Early 1890's 1900s basic instrument, probably mail order, possibly Lyon-Healy
Original price was probably around 10.00
Thin Single ply rim with spun over brass rim shell
Rim slightly out of centric but flat
Original flesh ring for head
All 24 shoe brackets and hooks, some are replacement nuts. fair condition.
Orig Tailpiece and hangar hardware
2 original tuning pegs
Orig lag end bolt
Thin rim, All brass hardware, all meant for
LOW TENSION-CALF HEAD-GUT OR NYLGUT STRINGS
Oak neck, one piece, cross grained, with bow warp and twist issues
Dowel was loose, no glue left
to hold it
A very good view of some of the
problems, its neck is all over the place.
What could be attempted.......would be a planing of the neck (it has no fingerboard) and trying to take out some of the warp and bow and see if it can be brought around to become a player.
Neck is very curvy in many places and directions
Bow Warp and twist as well as curvature
Someone tried to file the top frets to make it play but that was futile with the condition I see in the wood
You can see it , it is a cross-grained wood, with no truss or laminate to offset that from happening over time
One bent wire here, no big deal since it would have to be planed anyway, it would need new frets
Brass is special order, most wire is nickel silver content
After reducing the wire with my fret leveler, I will take them on down with my sanders
This will leave only a thin strip of wire in the fingerboard.
You can see the highs and lows and finger divots as I reduce
That's near full reduction.
No wood has been removed yet , only the varnish someone applied on the fingerboard
First coat of oil soaking in while I get ready to take a little off the top
That is where the warp was the worst, I think with a little more creative leveling it will be in the parameters of a playable flush fretter.
More oil applied, and more to follow
Its a nut oil, and it hardens and will be buffed to a warm satin, as it should be in these years
Now to see if Oil over orig finish is good enough or will there be a finish applied to the neck
It does have some curve in it, I think I can make it function OK though for a low tension banjo
Some of the shoe screws are were stuck, I applied heat and only one broke, Ill tap it out and replace with period screws and then polish the lugs
Rim assembly Tung oiled inside and waxed on the brass
Ready to mount a new calfskin head
Wetting the hide for installation
This is an 11-1/8" head, Ill use the original flesh ring
Planning for the crown height
You have to have mounted many skins to understand what type will pull fast or slow after it dries, and what type of head for what tone, etc.,
This is not an exact science so repetition makes all the difference.
I am using my own setup hooksets, the original brass are too weak and fragile to reuse so the banjo will get new hooksets after i take off my setups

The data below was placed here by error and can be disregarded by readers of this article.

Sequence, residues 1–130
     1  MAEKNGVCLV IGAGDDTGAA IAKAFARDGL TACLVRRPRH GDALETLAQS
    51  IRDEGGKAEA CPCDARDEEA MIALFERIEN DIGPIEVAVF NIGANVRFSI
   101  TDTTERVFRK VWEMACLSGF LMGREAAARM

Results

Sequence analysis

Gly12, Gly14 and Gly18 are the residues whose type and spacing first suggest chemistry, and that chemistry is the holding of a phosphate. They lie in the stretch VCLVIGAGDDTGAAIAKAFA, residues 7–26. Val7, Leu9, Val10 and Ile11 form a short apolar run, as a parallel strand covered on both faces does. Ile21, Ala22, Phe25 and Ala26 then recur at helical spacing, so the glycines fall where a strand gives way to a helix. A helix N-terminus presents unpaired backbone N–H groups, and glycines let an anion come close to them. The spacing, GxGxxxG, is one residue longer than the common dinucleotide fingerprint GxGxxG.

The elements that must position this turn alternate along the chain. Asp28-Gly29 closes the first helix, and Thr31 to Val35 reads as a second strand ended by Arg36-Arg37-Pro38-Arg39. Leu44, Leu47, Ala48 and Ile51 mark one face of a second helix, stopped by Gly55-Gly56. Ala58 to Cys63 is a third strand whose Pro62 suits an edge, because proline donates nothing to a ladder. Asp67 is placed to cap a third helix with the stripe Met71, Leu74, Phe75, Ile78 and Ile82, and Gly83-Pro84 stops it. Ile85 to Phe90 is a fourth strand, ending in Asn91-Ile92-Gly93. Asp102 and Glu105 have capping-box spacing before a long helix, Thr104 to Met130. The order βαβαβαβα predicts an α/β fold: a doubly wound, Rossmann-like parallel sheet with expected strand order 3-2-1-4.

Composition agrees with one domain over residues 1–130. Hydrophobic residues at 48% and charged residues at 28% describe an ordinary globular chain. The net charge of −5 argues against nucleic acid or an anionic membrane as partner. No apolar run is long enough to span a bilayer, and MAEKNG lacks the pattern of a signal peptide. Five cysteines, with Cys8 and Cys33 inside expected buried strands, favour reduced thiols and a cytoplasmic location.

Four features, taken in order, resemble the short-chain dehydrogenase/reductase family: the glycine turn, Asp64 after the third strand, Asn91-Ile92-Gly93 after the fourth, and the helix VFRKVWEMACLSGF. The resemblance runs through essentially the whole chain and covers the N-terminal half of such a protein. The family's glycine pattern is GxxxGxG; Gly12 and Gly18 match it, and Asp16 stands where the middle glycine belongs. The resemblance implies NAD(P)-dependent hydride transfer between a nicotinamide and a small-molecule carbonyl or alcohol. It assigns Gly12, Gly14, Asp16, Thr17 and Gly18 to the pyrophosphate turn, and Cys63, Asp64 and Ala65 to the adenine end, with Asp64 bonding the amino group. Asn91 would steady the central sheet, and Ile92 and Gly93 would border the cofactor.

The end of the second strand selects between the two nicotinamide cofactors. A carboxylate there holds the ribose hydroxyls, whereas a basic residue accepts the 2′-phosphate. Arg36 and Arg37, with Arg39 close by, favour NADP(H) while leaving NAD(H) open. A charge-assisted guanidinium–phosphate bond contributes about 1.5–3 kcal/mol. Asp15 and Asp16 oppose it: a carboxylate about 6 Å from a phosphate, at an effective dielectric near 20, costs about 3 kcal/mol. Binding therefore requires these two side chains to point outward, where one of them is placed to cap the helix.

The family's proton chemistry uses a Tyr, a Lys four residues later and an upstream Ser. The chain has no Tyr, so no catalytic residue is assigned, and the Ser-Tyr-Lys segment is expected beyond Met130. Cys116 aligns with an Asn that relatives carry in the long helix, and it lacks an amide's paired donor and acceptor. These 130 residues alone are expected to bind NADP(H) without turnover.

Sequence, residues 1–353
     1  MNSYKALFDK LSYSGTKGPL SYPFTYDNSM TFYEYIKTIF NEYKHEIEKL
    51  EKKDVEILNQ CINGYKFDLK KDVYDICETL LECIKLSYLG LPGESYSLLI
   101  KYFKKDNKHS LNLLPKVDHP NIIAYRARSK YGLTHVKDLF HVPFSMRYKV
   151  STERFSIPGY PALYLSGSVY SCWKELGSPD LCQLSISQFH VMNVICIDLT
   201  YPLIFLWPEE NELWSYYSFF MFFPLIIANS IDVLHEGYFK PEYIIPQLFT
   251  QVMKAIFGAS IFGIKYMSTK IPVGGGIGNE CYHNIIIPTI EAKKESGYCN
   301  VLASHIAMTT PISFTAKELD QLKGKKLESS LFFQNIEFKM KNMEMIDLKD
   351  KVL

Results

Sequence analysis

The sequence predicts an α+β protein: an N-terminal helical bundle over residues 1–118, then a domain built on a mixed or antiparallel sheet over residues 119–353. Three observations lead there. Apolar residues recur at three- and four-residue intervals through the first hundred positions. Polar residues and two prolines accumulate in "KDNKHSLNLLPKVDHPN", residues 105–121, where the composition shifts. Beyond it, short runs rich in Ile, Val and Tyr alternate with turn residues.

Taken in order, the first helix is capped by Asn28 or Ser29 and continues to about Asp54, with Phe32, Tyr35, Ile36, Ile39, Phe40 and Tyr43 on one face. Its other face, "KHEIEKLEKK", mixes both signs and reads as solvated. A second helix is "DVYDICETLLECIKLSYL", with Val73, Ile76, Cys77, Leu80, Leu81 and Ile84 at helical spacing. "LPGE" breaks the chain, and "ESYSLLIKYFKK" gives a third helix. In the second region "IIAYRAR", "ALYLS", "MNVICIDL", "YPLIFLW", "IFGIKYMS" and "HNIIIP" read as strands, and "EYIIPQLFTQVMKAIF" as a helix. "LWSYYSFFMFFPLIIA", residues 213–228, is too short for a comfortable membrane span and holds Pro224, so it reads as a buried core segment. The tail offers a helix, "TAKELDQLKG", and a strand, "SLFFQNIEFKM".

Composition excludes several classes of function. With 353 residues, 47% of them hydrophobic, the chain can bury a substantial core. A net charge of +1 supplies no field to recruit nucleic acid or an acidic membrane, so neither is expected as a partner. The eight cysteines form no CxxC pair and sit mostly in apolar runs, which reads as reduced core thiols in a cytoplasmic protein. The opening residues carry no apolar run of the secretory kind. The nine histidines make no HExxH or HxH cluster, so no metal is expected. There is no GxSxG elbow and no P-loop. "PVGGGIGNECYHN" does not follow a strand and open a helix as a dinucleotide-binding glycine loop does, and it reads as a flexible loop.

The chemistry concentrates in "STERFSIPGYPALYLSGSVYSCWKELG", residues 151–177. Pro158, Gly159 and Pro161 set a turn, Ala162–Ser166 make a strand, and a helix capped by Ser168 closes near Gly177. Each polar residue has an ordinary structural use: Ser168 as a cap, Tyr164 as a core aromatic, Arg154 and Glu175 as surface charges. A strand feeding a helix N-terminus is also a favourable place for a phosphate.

After trimming, still very loose and damp
You can see I have left a large amount to stretch, and this is because of the nature of construction of this banjo
Many older 5 strings from this period leave little room for error and you have to know how far this hide will stretch and be at full tension when it is dry.
After some drying and pulling, you can see the tension hoop is near level with fingerboard as it should be and there is still clearance in the neck joint, I think this will be a good head for this banjo.
I will let it dry more and tweak it later
I'll go with early 1900s Friction tuners so as to stay in the era as well as give it a real ability to be tuned easier than wooden pegs,
Using brass collets on the front will save peghead from wear and help in the friction process
Also a friction fifth peg will fill out the tuners
Ill need to ream the 5th peg hole a bit and get that sealed in, and a Pip made for it and then a new bone nut, to replace the ebony one
It can settle in while I await the strings for it
I will make a bone nut and install the 5th sting pip screw now that the strings are here
Also, the setup hooks are off and new gold plated hooks installed.
There are no modern hooksets that are as short as these and all are now made of steel which is a good thing.
But they all have to be shortened a bit so I will cut them off.
I will be going with the LaBella Classical set, Nylons, with silk wound 4th string
This is a very LOW TENSION Banjo and the bridge is only lightly seated into the head.
I will mark the head where the bridge will always set so when it gets moved it can be recentered.
I will add glue to the feet if Ken wishes, to hold it in place all of the time
On this style tailpiece a brass bar is suported by the fingers and that piece was missing
This always needs to be inserted after a string change.
Side marker dots installed at 3,7,10,12
The banjo plays up and down the neck with a nice warm old timey sound, it is not dull but it is mellow as it should be
It is a banjo that can be played easily in the first position as it had been all the years Kens great Grandfather played it and is good up into the second position, thats about as high as frettless players play anyway unless they are very accomplished.
I deem it better than a wallhanger and in the right hands, it could surprise you.
I like trying to save what seems hopeless and when I strum a melody on this, it makes me smile knowing I have been the Steward of another banjo that many would write off as junk.
Now onward fror another 120 years!
Thanks for watching
MORE TO COME
Home Tenor Banjos Plectrum Banjos 5 string banjos 6 string and other Tenor Guitars Banjo ukes Banjolins Restorations